15 Jul It is discipline, not punishment.
By Tammy Buitendach – Good Night Consultant
Teaching a baby how to sleep is essentially providing them with sufficient space to learn a skill that they have not fully acquired yet. However, when it comes to older toddlers, sleep training takes on another reality. It is far less about the skill of falling asleep and more to do with setting boundaries and incorporating discipline at bedtime, making it clear to your child what is expected of them.
Creating a disciplined environment and setting firm boundaries for a toddler at bedtime can be difficult for some parents. We often have no set boundaries, unreasonable boundaries, or sometimes our boundary lines are continually changing. Parents are nervous to incorporate appropriate discipline and thus embark on accidental parenting. Doing what we feel is right in the moment, without having a look at the bigger picture. Bedtime with your toddler can be wrought with unnecessary tension if, we are not intentional about focusing on discipline and setting boundaries.
Parents are nervous about incorporating discipline because they misinterpret it as being synonymous with punishment. As mentioned by the authors of Parenting Young Children, many of us grew up in a generation where there was a strong emphasis on punishment and having our parents control our behaviour. We may have received threats, yelling, spanking, isolation, or excessive silent treatment. We are aware that the punishment was ineffective, as it is usually counterproductive. James Windell, a child psychologist, explains that punishment more often leads to resentment, increased aggression, anxiety and even encouraging the exact behaviour you are trying to discourage. In our generation there has been a shift away from punishment, which has caused uncertainty with regards to what is appropriate discipline. Leaving many parents swinging to the opposite end of the pendulum and becoming unnaturally permissive.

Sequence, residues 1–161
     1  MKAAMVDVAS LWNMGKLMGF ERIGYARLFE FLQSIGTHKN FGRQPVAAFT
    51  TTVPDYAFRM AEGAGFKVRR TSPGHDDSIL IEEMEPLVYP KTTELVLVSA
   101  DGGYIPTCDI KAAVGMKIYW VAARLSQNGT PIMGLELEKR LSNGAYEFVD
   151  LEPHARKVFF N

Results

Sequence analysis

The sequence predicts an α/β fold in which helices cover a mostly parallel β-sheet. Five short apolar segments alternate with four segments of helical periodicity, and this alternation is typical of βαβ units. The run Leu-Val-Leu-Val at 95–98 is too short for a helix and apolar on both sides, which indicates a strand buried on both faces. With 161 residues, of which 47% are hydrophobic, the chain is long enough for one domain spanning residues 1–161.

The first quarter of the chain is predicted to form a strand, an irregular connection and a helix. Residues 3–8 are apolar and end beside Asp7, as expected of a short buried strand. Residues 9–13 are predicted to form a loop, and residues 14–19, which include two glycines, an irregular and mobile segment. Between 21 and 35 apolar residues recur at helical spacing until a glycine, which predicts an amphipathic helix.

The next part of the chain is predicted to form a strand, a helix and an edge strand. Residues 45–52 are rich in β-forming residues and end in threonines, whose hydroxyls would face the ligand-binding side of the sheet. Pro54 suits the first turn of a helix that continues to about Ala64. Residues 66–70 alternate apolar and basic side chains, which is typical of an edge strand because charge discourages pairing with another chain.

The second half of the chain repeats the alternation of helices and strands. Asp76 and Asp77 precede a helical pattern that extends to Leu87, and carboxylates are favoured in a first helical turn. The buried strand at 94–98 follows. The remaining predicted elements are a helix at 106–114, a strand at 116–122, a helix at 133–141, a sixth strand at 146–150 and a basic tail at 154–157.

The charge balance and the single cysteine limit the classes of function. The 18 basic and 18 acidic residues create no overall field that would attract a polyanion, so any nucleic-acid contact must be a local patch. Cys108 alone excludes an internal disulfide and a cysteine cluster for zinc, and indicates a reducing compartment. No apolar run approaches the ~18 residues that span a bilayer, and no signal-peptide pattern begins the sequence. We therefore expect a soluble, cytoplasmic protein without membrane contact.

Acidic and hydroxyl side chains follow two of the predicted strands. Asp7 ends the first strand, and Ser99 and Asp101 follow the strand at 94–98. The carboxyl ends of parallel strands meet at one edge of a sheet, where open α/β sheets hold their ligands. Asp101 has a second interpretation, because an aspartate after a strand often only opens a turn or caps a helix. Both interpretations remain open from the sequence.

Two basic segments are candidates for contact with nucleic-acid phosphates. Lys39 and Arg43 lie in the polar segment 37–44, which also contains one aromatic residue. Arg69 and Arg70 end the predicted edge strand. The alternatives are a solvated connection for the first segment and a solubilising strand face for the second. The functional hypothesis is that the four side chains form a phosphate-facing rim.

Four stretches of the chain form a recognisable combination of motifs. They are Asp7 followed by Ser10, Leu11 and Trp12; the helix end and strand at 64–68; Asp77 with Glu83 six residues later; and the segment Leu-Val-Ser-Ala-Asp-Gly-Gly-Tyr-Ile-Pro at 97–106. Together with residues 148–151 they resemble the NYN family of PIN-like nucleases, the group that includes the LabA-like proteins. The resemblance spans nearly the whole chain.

So, what is discipline?
It is important to understand that discipline is not a single act or statement, but it is a process.
For your toddler, learning to discipline themselves and learning from discipline takes time. The goal of discipline is essentially to teach children self-discipline and it is not necessary to punish your child to achieve this. Katherine Lee from Very Well Family states that Child discipline, when done correctly, is not about trying to control your child but about showing them how to control their own behaviour and validating their feelings through the process. When children misbehave, we use supportive discipline to help them choose a better way to behave and one way to achieve this is by setting boundaries within which they have the freedom to explore and experiment with the world.
Boundaries communicate to your child what is expected of them.